Stack vs Array
Data structure is a way of organizing the data and storing the data in a prescribed format so that the data can be accessed and modified in an efficient manner. Data structure basically provides the logical representation to store the data so that the various operations can be performed on the data. There are multiple ways of storing and retrieving the data, but the stack and array are the two most common ways of storing the data. Although the stack can be implemented with the help of array but there is a difference between these two. The major difference is access.
Let's first understand both the data structures separately, then we will look at the differences between these two data structures.
What is Stack?
A stack is a linear list data structure having a sequential collection of elements in which elements are added on the top of the stack like piles of books, etc. The new item can be added, or existing item can be removed only from the top of the stack. Stack is considered as a dynamic data structure because the size of the stack can be changed at the run time. The two operations can be performed on the stack, i.e., push and pop. Here, push operation means that a new item is inserted into the stack, whereas the pop operation means that the existing item is removed from the stack. It strictly follows the LIFO (Last In First Out) principle in which the recently added item will be removed first, and the item which is added first will be removed last.
The representation of the stack is given below:
What is Array?
An array is a linear data structure that has the collection of elements of a similar data type. The size of the array is pre-decided and the location at which the values are stored is known as the index of value. It is a static data structure because the memory is allocated at the compile-time, and it is fixed throughout the program. It is one of the efficient ways to store multiple elements belonging to the same data type. It is used to store multiple values of the same type, and we can access them through indices. It provides random access where all the elements are stored linearly and accessed directly through the index.
Differences between Stack and Array
The following are the differences between the stack and array:
Stack is a linear data structure that can be defined as a collection of items arranged in the form of piles of books. It is a sequential collection of elements and arranged in such a way that the elements can be added and removed only from one end, i.e., top of the stack. In contrast, an array is a random-access data structure used to store the multiple elements of similar data types to reduce the complexity of a program. In array, we can access any element directly through an index, and all the elements are stored one after another for efficient memory management.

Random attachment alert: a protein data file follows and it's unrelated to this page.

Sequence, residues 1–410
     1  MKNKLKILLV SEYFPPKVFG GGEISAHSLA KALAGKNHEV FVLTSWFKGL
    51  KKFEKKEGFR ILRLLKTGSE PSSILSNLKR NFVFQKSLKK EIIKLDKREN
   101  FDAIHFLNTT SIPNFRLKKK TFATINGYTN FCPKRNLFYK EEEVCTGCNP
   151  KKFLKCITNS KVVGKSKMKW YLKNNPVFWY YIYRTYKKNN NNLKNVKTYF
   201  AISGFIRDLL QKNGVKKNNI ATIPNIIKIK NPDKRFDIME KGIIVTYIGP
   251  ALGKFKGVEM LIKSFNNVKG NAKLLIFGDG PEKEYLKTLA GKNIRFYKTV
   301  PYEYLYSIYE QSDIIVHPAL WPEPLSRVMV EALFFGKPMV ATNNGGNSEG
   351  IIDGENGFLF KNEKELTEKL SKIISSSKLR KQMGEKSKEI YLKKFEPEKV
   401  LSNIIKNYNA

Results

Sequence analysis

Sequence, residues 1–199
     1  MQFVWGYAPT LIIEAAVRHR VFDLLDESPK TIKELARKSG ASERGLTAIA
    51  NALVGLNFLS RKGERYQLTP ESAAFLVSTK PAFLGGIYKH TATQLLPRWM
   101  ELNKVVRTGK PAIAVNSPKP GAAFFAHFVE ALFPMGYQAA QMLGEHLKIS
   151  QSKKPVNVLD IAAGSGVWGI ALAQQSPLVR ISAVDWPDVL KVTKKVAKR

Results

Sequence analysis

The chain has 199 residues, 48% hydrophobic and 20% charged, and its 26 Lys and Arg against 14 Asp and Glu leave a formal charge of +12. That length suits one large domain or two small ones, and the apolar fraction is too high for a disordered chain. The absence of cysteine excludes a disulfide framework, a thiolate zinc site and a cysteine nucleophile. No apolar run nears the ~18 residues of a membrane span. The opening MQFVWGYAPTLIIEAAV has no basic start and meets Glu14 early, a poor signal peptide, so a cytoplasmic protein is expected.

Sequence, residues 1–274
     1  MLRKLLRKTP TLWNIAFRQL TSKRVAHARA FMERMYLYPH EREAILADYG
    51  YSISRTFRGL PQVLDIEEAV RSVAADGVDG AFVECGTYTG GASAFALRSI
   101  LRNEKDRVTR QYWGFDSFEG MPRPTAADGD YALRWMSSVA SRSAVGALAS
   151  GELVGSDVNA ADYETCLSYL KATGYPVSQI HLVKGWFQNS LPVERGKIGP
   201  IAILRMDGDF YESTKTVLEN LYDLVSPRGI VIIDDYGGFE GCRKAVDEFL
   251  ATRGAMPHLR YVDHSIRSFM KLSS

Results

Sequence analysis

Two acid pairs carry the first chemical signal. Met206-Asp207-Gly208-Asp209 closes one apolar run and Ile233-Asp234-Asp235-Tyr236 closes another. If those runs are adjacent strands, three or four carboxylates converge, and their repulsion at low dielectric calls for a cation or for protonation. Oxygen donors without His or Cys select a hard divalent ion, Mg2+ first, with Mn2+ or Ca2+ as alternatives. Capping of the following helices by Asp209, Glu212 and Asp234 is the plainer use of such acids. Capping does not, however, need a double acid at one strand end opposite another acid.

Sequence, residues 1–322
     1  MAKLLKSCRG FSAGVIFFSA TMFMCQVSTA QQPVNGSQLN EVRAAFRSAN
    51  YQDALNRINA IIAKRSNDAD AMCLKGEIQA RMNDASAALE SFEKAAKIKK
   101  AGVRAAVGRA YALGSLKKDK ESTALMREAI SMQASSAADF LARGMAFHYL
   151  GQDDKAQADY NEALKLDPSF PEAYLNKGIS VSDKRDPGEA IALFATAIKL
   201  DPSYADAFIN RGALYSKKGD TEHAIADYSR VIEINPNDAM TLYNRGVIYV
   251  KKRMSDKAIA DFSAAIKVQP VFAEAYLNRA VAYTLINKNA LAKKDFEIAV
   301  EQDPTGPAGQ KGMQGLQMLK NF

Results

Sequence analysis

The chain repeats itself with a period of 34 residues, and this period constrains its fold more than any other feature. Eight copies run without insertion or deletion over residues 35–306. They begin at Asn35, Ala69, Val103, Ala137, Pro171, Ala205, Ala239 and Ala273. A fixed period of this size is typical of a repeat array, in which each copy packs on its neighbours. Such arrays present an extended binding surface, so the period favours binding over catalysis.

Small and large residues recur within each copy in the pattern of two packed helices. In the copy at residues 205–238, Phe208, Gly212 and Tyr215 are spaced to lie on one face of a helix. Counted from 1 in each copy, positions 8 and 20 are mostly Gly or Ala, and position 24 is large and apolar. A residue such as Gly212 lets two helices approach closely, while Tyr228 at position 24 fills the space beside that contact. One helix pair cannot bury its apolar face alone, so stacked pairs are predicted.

- Data type
Stack is an abstract data type which is a sequential collection of objects that can store heterogeneous data. Here, heterogeneous data means that the data of various types can be stored in the stack. It is a limited-access data structure means that the element can be inserted or removed in a specific order. In other words, we can say that only top element of the stack can be accessed. In contrast, Array is a linear data structure that store homogeneous data. Homogeneous data means that data of a similar type can only be stored in the array. In array, access is not limited as we can access any element through indices.
- Working Principle
Stack is a linear data structure that follows LIFO (Last In First Out). The name LIFO itself suggests that the element which is added last will be removed first, or in other words, we can say that the element which is inserted first will be removed last. In contrast, in an array, any element can be accessed at any time irrespective of the order of elements.
The stack is a dynamic data structure means that size of the stack can grow or shrink at run time. In contrast, the size of the array is fixed, and it cannot be modified at run time.
Let's look at the differences between the Stack and Array in a tabular form.
|It is a data structure that consists of a collection of elements that are identified by their indexes, where the first index is available at index 0.
||It is an abstract data type that consists of a collection of elements that implements the LIFO (Last In First Out) principle.
|It is a collection of elements of the same data type.
||It is a collection of elements of different data types.
|It provides random-access, i.e., read and write operations would be performed to any element at any position through their indexes.
||As it implements LIFO so it has limited-access. We can access the only top element of the stack using push and pop operations.
|It is rich in methods or operations like sorting, traversing, reverse, push, pop, etc.
||The limited operations can be performed on a stack like push, pop, peek, etc.
|It is a data type. It is an abstract data type.
|It is used when we know all the data to be processed and require constant changes at any element.
||It is good to use when there are dynamic processes. It is useful when we do not know how much data would be required.